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An Olympic Alternative
Shannon Stafford
February 22, 2002

For the last 84 years, the town of Steamboat Springs, Colorado, has held their annual Winter Carnival during the second weekend in February, and it has been my privilege to attend the last three years of this carnival. 

Jon Banks has strapped cannons on his back, strung lights from his skis, his poles, and his helmet and skied down a steep black diamond shooting fireworks straight over his head.
Nestled in the Rocky Mountains three hours northwest of Denver, Steamboat Springs looks like any other ski town, with lodges and condos creeping up the sides of every hill and mountain. But inside this little community lives a group of people with a tremendous love for their winter sports. Thatís the reason behind the Winter Carnival. Sure, it might be a fundraiser for the winter sports programs, but it is also a celebration - a celebration of man and nature surviving together, and living together.

It is a celebration of life - felt ever so clearly at 11,000 feet above sea level, at fourteen degrees below zero and at the thrill and joy of putting your feet into two wooden slats and gliding down a mountain packed with four feet of snow, ice, and fresh powder.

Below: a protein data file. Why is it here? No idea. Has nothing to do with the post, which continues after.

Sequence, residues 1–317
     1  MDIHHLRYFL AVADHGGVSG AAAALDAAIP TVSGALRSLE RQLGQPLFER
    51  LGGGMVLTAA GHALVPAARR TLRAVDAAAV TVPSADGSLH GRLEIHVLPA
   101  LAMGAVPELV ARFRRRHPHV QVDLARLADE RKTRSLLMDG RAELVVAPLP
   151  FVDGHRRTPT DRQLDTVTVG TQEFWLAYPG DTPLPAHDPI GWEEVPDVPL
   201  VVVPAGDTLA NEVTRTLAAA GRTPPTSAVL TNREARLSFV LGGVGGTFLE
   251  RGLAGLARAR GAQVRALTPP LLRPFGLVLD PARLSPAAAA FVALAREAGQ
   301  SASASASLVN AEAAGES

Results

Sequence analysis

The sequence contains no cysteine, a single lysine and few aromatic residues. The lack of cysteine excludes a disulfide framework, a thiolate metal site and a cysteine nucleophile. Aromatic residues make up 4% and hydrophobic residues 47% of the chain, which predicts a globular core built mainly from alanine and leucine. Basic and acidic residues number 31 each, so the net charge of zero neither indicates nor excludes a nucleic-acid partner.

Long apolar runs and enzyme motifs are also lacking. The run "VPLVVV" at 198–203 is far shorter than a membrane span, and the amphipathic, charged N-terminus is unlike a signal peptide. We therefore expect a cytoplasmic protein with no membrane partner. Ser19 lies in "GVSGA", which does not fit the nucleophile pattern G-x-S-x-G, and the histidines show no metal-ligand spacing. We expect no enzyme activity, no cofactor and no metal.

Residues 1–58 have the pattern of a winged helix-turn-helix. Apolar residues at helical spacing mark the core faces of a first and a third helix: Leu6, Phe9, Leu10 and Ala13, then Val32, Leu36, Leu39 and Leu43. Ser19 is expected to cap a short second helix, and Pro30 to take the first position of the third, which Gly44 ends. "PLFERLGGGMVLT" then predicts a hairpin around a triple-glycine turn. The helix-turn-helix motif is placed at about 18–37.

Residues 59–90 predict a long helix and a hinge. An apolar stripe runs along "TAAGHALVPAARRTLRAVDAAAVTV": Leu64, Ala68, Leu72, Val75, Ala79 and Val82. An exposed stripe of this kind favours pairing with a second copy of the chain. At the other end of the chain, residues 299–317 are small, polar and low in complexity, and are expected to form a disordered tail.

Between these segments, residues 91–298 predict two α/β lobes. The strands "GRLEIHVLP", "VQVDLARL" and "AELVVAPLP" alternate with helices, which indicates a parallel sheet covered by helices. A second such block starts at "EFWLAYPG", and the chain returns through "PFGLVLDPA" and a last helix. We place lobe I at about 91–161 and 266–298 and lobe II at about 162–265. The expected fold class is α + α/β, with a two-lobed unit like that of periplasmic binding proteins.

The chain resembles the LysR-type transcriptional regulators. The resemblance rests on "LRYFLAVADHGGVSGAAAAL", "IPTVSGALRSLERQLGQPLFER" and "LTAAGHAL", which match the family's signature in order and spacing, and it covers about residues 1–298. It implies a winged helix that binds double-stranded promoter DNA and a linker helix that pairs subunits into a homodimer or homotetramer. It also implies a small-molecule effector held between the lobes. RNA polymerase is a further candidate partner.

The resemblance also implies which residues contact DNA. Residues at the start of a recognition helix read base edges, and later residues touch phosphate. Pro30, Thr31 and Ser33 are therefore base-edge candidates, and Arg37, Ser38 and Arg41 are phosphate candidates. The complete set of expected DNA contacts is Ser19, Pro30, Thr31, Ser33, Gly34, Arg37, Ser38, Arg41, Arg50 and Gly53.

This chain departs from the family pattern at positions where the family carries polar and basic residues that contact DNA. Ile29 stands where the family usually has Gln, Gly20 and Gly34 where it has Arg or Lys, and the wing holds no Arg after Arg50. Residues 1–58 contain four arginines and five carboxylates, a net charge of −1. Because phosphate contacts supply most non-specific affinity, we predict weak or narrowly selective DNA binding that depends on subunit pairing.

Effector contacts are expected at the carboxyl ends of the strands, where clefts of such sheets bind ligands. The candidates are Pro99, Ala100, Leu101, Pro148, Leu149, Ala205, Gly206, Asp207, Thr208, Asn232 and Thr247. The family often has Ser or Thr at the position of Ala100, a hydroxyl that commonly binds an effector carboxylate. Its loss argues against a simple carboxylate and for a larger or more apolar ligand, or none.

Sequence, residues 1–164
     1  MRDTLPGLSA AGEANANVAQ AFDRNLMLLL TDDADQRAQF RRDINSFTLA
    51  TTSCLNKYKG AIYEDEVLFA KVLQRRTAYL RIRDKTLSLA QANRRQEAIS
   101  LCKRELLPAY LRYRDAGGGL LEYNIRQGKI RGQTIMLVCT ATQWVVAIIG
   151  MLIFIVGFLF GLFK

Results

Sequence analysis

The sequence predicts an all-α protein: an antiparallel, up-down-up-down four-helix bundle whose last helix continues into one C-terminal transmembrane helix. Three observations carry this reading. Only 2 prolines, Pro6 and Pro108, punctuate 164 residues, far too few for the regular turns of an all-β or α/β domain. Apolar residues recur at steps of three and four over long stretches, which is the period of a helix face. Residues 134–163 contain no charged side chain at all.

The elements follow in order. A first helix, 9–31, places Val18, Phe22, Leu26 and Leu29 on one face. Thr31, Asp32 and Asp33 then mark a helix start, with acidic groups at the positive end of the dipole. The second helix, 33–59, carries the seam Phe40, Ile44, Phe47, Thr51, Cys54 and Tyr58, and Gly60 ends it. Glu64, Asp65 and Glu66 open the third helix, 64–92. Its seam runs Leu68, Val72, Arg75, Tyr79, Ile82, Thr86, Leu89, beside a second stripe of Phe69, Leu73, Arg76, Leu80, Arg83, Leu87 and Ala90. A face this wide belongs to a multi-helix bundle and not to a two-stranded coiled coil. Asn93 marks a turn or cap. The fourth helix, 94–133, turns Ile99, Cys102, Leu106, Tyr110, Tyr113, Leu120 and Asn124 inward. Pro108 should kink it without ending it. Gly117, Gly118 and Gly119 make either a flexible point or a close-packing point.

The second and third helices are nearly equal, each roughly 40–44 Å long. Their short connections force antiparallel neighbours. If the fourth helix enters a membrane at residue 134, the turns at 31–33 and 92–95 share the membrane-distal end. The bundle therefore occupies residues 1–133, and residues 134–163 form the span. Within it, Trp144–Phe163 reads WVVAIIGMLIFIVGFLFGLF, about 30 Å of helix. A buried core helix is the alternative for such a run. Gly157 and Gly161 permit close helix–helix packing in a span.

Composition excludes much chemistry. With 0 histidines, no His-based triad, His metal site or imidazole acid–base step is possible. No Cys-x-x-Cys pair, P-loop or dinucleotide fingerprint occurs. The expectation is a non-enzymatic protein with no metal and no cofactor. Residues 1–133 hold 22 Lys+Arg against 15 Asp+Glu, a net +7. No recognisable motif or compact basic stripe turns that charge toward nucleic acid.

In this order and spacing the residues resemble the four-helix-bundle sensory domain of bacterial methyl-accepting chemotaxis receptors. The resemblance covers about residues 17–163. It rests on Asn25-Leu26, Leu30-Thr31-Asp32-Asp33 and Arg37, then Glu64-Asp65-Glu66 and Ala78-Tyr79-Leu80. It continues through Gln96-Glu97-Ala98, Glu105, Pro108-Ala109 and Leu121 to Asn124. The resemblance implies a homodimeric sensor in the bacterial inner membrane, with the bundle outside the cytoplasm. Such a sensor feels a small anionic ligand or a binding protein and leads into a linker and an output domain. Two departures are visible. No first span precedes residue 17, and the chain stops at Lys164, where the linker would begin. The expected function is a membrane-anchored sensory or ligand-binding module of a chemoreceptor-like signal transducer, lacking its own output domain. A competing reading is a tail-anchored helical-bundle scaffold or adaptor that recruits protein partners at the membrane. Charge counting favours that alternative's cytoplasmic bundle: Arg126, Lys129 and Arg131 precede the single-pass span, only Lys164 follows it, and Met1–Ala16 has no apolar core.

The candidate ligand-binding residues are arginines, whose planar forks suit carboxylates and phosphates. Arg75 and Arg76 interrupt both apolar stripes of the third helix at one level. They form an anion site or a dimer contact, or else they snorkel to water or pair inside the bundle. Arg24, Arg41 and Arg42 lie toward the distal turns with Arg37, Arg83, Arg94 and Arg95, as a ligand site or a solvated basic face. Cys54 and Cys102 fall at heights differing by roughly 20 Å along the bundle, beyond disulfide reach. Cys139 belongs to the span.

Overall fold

The winter carnival is a celebration of all that and more. Every year, for the last 24 years, Jon Banks has strapped cannons on his back, strung lights from his skis, his poles, and his helmet and skied down a steep black diamond shooting fireworks straight over his head; as his father did for more than thirty years before Jon took over the mantle.

Every year, the carnival showcases what everyday life in Steamboat is about - horses pull people down the city streets on skis and shovels, members of the ski patrol jump through a fiery hoop, twelve year olds ski down the face of the mountain in snake formation. People even carve sculptures of animals, skis, tractors, whatever they can think of out of huge snow banks along the streets.

And every once in a while, one of Steamboatís own goes to the Olympics.



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